• Repairs and maintenance             £701m
    • Energy costs                                       £376m
    • Cleaning costs                                   £244m
    • Security costs                                     £154m
    • Management costs                         £304m
  • The total number of HE owned and managed beds on the residential estate amounts to 261,000 beds (I.e. of the institutions’ own halls of residence), with a further 110,000 which the sector leases directly from the private sector.

Sir Ian Diamond, principal and vice-chancellor of the University of Aberdeen commented on the report, saying: “The university estate is today, so much more than it has ever been. It is comprised of everything from innovative and impressive learning, teaching and research facilities, social spaces, entertainment venues, sports facilities, restaurants and cafes, theatres, libraries, hospitality and residential accommodation to space for start-up companies, enterprise space and collaboration spaces with business and companies. Universities will continue to evolve and be dynamic in the face of changing demographics, funding and political upheaval, and directors of estates will strive to provide excellence in facilities alongside world-class education.”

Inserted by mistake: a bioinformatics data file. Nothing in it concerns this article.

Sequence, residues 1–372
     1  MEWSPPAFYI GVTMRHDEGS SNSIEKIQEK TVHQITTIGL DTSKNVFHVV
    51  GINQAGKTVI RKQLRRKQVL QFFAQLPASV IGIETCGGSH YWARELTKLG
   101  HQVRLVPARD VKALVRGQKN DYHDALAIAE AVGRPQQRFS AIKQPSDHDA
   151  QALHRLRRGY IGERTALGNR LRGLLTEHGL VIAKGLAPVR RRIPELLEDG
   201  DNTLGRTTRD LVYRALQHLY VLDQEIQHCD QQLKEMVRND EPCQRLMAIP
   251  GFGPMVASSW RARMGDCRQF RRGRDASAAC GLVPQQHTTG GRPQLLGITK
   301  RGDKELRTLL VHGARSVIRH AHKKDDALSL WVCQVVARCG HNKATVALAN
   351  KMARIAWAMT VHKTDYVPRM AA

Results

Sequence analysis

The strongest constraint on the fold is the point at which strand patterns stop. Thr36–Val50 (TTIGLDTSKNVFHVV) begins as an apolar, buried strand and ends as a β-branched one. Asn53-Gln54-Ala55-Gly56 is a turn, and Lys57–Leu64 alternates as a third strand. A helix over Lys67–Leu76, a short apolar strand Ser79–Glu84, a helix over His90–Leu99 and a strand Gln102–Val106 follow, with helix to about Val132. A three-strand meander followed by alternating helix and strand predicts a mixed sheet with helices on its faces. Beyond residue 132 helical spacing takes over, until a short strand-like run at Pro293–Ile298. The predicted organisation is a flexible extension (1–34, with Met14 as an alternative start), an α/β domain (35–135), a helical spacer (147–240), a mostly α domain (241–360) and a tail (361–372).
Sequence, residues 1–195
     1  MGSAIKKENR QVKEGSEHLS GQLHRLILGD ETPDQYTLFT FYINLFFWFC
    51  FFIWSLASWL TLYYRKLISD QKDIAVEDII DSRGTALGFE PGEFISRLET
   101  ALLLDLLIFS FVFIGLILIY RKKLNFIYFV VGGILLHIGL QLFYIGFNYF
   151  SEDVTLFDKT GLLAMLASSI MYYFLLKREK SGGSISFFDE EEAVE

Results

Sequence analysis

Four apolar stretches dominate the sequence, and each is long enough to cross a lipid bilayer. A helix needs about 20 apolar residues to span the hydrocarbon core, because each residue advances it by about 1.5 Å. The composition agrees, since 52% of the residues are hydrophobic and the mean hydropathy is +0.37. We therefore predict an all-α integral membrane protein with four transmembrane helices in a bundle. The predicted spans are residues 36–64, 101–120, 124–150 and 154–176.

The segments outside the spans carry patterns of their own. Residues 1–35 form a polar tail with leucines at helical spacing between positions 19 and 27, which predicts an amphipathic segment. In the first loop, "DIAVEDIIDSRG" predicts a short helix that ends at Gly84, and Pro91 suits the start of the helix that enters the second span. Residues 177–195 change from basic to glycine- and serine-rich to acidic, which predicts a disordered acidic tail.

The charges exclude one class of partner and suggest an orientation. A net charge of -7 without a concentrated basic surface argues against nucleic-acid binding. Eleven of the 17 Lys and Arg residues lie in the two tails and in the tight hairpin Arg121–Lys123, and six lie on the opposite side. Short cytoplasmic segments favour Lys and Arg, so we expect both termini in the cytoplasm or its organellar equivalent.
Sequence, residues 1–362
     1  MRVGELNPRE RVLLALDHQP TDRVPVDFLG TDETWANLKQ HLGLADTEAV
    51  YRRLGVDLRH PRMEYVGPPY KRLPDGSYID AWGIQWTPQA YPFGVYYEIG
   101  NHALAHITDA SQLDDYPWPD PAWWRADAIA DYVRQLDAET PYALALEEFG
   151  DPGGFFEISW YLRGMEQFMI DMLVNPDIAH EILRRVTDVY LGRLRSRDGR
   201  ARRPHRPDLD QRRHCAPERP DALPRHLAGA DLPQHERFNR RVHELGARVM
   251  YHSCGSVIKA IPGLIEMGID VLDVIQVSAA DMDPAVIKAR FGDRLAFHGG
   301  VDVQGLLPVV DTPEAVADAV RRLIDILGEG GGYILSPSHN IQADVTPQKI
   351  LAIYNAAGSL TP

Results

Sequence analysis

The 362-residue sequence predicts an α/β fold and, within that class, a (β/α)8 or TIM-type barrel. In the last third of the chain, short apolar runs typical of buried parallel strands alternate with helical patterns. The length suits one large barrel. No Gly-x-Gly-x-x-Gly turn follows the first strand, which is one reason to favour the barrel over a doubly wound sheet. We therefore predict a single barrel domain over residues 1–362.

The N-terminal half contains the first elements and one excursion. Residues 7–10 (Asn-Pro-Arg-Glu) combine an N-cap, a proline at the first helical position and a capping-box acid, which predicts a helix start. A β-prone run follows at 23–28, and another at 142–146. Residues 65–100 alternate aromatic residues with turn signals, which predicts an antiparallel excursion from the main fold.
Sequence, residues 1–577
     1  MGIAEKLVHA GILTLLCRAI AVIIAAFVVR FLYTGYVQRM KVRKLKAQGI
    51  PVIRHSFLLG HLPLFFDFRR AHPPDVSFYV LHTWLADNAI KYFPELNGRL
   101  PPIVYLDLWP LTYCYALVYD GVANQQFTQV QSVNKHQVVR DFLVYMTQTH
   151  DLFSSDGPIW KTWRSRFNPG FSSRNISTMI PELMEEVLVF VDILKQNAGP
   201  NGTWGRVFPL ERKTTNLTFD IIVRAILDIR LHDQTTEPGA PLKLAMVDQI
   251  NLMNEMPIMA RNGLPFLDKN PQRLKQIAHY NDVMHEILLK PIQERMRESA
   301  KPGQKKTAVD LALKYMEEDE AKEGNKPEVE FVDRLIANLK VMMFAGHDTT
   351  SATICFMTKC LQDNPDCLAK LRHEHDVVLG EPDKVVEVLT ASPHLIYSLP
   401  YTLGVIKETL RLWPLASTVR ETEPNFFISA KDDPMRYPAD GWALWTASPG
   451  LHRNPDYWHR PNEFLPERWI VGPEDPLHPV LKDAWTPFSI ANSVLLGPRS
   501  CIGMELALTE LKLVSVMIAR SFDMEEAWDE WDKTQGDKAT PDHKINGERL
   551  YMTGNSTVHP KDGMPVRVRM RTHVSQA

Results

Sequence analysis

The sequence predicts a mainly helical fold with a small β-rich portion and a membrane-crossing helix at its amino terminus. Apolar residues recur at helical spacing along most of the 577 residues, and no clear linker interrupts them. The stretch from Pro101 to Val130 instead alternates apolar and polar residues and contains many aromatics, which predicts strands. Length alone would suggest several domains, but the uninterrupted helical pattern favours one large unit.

For further information please visit www.aude.ac.uk

[1] http://webarchive.nationalarchives.gov.uk/20110118111538/http://www.cabe.org.uk/files/dwelling-size-survey.pdf